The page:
Before Christmas I returned, after 45 years, to the country that as a boy I knew as Nyasaland. Today it's Malawi, and The Times Christmas Appeal includes a small British charity working there. Pump Aid helps rural communities to install a simple pump, letting people keep their village wells sealed and clean. I went to see this work.
It inspired me, renewing my flagging faith in development charities. But travelling in Malawi refreshed another belief, too: one I've been trying to banish all my life, but an observation I've been unable to avoid since my African childhood. It confounds my ideological beliefs, stubbornly refuses to fit my world view, and has embarrassed my growing belief that there is no God.
Now a confirmed atheist, I've become convinced of the enormous contribution that Christian evangelism makes in Africa: sharply distinct from the work of secular NGOs, government projects and international aid efforts. These alone will not do. Education and training alone will not do. In Africa Christianity changes people's hearts. It brings a spiritual transformation. The rebirth is real. The change is good.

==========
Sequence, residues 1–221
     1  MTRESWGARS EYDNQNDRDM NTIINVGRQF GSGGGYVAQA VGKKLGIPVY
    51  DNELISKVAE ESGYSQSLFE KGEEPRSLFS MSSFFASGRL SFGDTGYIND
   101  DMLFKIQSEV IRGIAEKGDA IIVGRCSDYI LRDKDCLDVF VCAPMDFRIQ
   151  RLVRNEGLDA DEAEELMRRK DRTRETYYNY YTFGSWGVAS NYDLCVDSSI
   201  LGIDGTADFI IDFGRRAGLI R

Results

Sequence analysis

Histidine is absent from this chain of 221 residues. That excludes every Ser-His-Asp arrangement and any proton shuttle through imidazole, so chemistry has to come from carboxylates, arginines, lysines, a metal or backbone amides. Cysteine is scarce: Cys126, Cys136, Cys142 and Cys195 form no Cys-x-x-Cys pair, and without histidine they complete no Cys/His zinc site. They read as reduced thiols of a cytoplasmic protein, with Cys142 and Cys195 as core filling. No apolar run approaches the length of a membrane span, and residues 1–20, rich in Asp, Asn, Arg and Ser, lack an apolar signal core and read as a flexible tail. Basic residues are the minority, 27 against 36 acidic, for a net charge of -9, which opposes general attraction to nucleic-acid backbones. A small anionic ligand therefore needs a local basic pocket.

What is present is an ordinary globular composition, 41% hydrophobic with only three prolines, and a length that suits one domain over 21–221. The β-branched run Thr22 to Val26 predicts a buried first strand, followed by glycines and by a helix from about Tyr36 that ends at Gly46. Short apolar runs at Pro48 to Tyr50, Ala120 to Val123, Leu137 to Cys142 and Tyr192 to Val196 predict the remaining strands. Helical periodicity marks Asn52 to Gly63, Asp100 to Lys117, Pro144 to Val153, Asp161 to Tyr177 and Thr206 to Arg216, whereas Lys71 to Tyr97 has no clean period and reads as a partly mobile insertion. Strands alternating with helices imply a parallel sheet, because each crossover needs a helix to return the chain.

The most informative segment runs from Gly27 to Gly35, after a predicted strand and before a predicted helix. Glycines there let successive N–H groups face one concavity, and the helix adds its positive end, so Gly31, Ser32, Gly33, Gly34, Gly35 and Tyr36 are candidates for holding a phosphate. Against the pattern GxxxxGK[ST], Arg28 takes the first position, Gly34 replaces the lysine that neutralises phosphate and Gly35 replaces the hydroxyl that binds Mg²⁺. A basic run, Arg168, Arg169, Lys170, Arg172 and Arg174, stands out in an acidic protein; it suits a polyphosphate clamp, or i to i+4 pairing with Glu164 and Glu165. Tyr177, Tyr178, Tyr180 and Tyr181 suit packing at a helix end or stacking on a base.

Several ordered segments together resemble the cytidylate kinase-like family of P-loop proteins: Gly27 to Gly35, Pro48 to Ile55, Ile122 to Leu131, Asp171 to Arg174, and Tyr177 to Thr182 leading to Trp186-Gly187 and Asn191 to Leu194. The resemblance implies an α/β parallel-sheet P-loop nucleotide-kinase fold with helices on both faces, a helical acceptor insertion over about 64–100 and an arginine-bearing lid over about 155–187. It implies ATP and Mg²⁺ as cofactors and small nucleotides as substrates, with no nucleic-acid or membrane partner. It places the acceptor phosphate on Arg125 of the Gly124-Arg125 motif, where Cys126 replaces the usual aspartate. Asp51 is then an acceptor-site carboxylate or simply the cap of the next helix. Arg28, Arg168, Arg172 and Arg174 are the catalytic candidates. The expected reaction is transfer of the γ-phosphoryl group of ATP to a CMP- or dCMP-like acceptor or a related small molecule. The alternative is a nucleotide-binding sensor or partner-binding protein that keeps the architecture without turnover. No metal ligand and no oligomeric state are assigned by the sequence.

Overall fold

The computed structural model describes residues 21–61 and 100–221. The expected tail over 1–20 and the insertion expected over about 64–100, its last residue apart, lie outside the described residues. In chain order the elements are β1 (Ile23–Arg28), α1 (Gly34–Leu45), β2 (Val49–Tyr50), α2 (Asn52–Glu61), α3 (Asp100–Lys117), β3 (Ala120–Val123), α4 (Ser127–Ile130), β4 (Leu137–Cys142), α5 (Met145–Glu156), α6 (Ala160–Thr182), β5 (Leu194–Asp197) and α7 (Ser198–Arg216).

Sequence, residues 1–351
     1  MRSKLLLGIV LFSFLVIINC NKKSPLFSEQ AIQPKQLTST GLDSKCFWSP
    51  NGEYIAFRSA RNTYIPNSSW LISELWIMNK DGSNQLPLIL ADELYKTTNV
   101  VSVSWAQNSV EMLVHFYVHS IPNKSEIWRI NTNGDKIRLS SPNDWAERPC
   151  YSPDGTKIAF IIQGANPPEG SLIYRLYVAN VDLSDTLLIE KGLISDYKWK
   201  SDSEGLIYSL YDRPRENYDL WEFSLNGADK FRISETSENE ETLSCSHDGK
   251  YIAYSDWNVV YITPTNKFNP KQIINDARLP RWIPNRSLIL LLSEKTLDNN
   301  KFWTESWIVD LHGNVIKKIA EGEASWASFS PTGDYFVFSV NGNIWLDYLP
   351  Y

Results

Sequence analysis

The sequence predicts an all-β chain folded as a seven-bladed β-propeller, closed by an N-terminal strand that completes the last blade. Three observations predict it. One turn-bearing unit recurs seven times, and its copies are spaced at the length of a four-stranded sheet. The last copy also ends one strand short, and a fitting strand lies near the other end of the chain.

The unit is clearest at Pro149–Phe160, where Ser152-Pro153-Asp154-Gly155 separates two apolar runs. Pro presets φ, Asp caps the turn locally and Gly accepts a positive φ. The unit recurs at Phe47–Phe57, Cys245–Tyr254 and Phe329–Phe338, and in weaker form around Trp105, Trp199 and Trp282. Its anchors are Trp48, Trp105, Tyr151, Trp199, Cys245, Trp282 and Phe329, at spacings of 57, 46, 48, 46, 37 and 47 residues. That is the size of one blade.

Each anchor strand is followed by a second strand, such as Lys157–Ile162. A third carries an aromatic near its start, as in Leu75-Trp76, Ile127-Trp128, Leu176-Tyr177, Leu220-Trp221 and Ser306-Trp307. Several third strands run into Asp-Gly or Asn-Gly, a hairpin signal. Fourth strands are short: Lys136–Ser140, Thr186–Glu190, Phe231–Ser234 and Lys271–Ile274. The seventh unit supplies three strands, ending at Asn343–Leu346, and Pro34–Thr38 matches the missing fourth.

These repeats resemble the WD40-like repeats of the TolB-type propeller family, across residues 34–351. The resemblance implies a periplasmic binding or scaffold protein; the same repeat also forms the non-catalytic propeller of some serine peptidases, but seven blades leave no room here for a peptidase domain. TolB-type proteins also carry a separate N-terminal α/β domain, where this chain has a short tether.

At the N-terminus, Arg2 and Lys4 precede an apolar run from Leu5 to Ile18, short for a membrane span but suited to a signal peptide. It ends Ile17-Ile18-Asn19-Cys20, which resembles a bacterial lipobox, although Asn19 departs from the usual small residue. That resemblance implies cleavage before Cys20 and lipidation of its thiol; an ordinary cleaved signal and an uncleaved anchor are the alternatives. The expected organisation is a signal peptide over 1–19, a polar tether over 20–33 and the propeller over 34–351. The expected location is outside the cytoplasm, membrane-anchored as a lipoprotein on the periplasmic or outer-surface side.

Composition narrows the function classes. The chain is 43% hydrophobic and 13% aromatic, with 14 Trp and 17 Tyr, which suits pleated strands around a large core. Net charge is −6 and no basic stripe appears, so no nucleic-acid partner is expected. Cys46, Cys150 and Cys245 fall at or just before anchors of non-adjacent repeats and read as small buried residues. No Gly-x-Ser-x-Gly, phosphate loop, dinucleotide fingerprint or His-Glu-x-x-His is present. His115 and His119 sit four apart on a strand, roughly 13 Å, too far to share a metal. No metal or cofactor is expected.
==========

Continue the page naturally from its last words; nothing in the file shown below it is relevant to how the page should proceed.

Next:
I used to avoid this truth by applauding - as you can - the practical work of mission churches in Africa. It's a pity, I would say, that salvation is part of the package, but Christians black and white, working in Africa, do heal the sick, do teach people to read and write; and only the severest kind of secularist could see a mission hospital or school and say the world would be better without it. I would allow that if faith was needed to motivate missionaries to help, then, fine: but what counted was the help, not the faith.
But this doesn't fit the facts. Faith does more than support the missionary; it is also transferred to his flock. This is the effect that matters so immensely, and which I cannot help observing.